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Floods provide a valuable lesson regarding insurance

In recent times, many Australians have learnt the hard way regarding the dangers of complacency when it comes to insuring their homes, investment properties and businesses.

Tragically, in Queensland and parts of northern Victoria where residents were hit with some of the most turbulent and unpredictable weather we’ve seen, a large percentage of home owners were not covered for damage or destruction of their properties as a result of floods.

In fact according to the Insurance Council of Australia (ICA), only 50% of us currently have flood coverage in our policy.

The misfortunes of these flood victims should act as a lesson to all Australian property owners. While it’s understandable to feel incredulous at the apparent lack of compassion displayed by insurers at this time, the harsh reality is that the responsibility falls back on the home owner to know what they are and are not covered for in their policy.

In a recent report published on news.com.au, the insurance industry conceded that their product disclosure statements, which outline the extent of the policy’s coverage, can be difficult to interpret.

However, general manager with the Insurance Council of Australia Karl Sullivan places the onus squarely on the consumer, claiming customers are too complacent when it comes to understanding their insurance policies and in particular, the extent of flood coverage.

Speaking to the ABC recently, Sullivan said, “Most of the definitions are written in very plain English and are very simple for a layman to understand.”

“Unfortunately a lot of people maybe don’t make the effort to understand what the risks are that they’re facing.

“Complacency is one reason. Before I joined the industry I think I was probably one of those people who didn’t pay a lot of attention to reading policy documents. I certainly do nowadays.”

However the ICA’s communication’s manager Paul Giles, says that while product disclosure statements are intended to protect the consumer by providing regulatory guidelines for insurance companies to work within, they can be hard to follow.

He says while these legal documents are intended to provide customers with the security of knowing their insurer is required to work within regulatory guidelines, they are “quite long”. In other words, they are not necessarily as consumer friendly as insurers would like to believe.

Giles says if customers felt they were being charged too much for flood cover by their existing insurer, they should shop around for a better deal. But he warns that cheaper is not always better.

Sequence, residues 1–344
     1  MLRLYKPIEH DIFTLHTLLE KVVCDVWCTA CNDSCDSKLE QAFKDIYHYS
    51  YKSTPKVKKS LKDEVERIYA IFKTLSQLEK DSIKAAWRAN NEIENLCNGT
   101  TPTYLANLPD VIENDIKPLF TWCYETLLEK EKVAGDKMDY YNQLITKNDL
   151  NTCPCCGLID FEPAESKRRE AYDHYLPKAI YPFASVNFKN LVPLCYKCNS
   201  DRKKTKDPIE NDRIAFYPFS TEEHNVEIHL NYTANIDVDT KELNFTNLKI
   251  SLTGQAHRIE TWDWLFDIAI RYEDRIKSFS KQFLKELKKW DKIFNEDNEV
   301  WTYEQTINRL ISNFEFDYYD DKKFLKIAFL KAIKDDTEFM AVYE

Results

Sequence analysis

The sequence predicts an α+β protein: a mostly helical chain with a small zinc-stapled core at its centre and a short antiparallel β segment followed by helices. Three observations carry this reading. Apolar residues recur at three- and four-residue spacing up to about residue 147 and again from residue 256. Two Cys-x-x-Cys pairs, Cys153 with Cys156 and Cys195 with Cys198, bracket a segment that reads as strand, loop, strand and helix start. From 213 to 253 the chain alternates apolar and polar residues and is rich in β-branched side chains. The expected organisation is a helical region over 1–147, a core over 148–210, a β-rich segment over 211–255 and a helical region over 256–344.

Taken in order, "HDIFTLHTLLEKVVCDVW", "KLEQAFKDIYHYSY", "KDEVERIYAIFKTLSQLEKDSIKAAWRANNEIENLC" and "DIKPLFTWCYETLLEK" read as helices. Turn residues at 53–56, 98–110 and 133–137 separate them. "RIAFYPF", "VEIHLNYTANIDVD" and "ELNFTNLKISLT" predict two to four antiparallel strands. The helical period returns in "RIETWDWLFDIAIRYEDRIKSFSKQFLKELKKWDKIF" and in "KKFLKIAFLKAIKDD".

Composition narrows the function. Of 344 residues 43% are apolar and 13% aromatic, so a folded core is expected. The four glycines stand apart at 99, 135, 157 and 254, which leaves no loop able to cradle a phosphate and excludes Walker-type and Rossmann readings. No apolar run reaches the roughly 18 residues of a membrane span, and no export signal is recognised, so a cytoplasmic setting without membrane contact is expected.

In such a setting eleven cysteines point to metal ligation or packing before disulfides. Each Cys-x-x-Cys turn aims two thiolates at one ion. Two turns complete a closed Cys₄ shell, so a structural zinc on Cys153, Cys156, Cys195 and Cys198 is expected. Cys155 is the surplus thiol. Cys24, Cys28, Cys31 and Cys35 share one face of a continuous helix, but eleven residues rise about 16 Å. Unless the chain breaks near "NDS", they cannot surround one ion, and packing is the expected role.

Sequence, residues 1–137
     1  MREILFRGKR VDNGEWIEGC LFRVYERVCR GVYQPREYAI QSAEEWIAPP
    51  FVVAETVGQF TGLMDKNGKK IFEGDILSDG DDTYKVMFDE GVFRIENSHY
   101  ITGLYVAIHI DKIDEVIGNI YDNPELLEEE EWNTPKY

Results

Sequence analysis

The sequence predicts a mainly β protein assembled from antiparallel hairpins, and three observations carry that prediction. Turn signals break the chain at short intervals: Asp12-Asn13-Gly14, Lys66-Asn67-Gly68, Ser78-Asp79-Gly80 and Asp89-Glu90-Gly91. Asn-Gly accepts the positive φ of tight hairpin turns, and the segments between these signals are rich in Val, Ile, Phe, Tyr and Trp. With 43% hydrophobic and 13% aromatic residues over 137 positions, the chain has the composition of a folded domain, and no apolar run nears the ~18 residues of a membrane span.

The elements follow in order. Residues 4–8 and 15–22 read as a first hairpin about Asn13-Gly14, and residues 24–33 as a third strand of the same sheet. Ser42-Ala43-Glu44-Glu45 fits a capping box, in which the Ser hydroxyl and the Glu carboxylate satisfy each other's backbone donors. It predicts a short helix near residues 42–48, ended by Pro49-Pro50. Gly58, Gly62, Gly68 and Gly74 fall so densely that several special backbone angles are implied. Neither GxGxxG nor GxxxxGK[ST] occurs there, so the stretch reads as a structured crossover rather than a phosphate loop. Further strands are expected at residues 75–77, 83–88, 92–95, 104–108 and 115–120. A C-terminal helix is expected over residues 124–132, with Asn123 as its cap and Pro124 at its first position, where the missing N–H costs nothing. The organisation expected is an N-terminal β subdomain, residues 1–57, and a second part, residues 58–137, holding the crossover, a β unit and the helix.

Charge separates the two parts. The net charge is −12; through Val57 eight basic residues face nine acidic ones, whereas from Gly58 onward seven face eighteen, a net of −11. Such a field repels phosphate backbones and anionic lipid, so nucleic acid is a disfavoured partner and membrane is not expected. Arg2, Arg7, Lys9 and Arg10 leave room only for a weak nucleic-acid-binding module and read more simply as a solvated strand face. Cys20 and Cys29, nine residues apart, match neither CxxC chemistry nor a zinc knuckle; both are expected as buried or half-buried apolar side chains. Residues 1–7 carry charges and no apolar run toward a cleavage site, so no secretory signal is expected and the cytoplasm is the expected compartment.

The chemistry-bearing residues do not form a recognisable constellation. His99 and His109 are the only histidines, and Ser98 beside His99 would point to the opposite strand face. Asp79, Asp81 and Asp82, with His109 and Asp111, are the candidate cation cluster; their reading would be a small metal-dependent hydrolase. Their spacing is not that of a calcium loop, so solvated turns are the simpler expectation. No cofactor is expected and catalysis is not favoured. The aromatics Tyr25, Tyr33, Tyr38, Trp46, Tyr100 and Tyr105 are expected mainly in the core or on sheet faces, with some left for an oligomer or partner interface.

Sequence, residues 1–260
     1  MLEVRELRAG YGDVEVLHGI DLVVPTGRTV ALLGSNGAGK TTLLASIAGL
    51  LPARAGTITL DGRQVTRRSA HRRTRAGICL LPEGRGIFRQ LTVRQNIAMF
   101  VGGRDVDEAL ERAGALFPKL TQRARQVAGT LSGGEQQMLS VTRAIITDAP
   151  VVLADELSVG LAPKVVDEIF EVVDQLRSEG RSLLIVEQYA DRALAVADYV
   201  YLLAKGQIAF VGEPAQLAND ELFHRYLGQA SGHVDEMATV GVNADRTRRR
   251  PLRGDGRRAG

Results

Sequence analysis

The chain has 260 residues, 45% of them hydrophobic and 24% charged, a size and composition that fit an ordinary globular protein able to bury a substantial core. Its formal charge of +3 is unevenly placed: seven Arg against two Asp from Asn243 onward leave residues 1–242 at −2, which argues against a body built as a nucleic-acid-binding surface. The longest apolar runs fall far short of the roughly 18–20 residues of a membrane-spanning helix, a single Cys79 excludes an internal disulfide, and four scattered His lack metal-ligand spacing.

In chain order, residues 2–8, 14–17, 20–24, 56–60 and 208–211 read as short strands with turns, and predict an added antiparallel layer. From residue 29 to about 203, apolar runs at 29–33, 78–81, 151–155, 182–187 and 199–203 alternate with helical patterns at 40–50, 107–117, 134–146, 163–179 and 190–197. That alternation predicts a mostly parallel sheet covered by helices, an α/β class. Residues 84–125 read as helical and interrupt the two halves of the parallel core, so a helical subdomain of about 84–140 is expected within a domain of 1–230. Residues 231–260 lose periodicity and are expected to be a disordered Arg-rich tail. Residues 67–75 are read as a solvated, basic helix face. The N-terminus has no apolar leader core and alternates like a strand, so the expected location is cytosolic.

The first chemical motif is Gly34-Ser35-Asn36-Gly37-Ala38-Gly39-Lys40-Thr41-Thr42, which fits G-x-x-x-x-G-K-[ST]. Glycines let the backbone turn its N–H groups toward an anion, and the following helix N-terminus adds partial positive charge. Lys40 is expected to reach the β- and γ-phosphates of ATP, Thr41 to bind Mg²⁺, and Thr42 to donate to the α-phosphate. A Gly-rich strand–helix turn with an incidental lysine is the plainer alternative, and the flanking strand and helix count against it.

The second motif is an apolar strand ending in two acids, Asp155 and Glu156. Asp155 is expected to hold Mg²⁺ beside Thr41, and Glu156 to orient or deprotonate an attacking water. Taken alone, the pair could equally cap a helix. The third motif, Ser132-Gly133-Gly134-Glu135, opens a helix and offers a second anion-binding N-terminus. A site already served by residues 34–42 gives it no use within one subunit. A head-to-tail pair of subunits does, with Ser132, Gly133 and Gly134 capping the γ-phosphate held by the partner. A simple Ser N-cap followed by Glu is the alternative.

“I think customers need to understand that one size doesn’t fit all, so perhaps purchasing on price alone if you live in a high-risk area isn’t the best way to go.”

Giles says that in the past, insurance companies have been reluctant to provide flood cover in their policies as the lack of flood-mapping data in Australia made it difficult to assess the risk of floods in different areas and the potential cost of flood damage.

However he says this has changed in the last few years and it’s now becoming easier for insurers to measure the risk of such events.

While many are concerned that the recent floods will see insurance premiums increase significantly in the near future, Giles says this won’t necessarily be the case.

“At the end of the day it’s a commercial decision, but you can’t say that one event will affect premium prices.”

The best advice is that if you read the product disclosure statement provided by your insurance company and still don’t know what exactly you are covered for…ask! Do not assume anything when it comes to insurance, call their customer help line and get some peace of mind from a person rather than a piece of paper.



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Michael is a director of Metropole Property Strategists who help their clients grow, protect and pass on their wealth through independent, unbiased property advice and advocacy. He's once again been voted Australia's leading property investment adviser and his opinions are regularly featured in the media. Visit Metropole.com.au


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